Round ducts have a smaller pressure drop per unit area of all duct types and are generally the most cost effective. An example in the Fundamentals Handbook [ASHRAE, 2001] chapter on Duct Design shows that using round instead of rectangular ducts saves about 20% in metal weight [Tsal, et al., 1988]. Round ducts with spiral construction are available in extended lengths. A system with long sections has fewer joints with lower pressure losses and less leakage than a system constructed of many shorter sections. Round fittings are commercially available and provide a convenient connection to flexible duct; they are easier to insulate and to seal. Slip joints are the most economical to install. Disadvantages of round ducts include: they require more clear height for installation; larger sizes may cause shipping and handling difficulties.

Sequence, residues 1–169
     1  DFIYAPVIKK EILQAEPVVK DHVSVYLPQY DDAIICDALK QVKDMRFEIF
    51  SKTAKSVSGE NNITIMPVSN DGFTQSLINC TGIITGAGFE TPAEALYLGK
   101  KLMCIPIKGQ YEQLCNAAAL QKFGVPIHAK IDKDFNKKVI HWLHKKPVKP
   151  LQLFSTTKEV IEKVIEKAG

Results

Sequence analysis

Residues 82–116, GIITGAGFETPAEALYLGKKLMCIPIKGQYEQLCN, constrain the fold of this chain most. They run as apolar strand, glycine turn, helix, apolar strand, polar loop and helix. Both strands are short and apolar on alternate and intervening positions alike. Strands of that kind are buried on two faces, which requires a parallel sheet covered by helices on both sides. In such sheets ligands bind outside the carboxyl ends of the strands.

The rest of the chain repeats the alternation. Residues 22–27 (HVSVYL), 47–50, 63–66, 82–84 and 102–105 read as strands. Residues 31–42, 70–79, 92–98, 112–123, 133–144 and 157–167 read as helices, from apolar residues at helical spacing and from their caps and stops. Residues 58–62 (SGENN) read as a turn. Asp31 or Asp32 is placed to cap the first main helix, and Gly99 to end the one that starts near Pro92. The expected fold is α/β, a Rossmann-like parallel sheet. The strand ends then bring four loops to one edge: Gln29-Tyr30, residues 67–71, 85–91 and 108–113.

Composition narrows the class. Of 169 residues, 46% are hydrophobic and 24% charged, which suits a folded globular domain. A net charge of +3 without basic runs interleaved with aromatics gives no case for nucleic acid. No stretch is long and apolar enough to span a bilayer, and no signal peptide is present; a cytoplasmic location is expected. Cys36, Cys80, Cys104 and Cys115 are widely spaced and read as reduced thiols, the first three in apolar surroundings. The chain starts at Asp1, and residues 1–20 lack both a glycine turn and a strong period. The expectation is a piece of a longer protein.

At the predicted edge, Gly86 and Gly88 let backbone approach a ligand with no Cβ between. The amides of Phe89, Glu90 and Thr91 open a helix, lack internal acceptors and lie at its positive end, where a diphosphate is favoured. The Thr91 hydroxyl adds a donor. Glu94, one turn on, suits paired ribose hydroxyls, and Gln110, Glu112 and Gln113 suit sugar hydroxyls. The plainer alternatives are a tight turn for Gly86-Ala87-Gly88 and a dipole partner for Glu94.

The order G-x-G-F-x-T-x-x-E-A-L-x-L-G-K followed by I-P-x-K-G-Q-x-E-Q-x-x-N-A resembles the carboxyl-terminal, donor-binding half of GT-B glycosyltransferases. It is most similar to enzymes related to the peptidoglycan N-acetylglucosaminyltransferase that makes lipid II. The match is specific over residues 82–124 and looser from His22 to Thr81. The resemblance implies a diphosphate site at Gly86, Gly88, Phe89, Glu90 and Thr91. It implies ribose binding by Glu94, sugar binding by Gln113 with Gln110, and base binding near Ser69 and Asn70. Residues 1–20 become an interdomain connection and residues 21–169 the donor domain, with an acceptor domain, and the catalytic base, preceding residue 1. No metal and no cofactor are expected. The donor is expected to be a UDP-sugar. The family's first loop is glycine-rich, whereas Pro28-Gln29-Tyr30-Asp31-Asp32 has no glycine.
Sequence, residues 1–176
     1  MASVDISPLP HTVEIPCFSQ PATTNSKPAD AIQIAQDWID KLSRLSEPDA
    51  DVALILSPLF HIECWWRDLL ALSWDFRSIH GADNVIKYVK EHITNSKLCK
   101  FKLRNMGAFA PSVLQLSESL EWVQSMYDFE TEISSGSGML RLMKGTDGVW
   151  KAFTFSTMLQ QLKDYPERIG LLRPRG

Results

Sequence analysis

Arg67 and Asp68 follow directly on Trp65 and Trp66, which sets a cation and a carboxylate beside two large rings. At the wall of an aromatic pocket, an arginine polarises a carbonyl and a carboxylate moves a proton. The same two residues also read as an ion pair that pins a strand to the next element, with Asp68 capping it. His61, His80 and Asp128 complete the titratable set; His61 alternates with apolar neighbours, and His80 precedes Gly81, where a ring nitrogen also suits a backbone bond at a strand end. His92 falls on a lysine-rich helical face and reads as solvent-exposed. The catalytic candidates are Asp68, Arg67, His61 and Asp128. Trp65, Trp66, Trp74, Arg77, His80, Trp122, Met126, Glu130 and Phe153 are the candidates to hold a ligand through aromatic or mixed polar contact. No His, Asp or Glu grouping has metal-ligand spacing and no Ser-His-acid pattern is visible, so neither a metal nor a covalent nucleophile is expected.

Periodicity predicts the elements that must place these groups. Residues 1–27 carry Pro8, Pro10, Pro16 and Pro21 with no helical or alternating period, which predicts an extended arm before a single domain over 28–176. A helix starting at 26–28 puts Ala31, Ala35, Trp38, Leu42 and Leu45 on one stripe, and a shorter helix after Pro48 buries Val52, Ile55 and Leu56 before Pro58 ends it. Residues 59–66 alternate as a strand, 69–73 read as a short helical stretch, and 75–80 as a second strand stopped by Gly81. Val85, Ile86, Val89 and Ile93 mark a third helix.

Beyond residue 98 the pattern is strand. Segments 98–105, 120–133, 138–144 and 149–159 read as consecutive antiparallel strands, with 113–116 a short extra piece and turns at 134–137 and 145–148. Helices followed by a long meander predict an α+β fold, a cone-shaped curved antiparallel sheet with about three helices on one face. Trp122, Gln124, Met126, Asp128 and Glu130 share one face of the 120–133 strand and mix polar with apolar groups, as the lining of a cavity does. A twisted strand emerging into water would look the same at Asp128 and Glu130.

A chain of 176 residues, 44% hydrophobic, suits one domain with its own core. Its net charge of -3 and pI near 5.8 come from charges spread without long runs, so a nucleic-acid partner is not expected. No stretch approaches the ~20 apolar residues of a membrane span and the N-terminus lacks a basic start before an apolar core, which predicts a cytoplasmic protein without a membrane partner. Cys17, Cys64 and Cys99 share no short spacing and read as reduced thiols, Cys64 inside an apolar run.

In addition to their economic advantages, round ducts have an extremely important acoustical advantage. The HVAC Systems Handbook [ASHRAE, 2000] shows that low-frequency sound is well contained a round duct. Therefore, sound has ample time to attenuate naturally. In practice, fixing a noise problem in rectangular ductwork is more difficult than in round ductwork.
If round ducts cannot be installed in a particular laboratory because of height limitations, it is important to try to keep the maximum aspect ratio of the rectangular ducts as close to 2:1 as possible. Rectangular main ducts can also be used with round branches.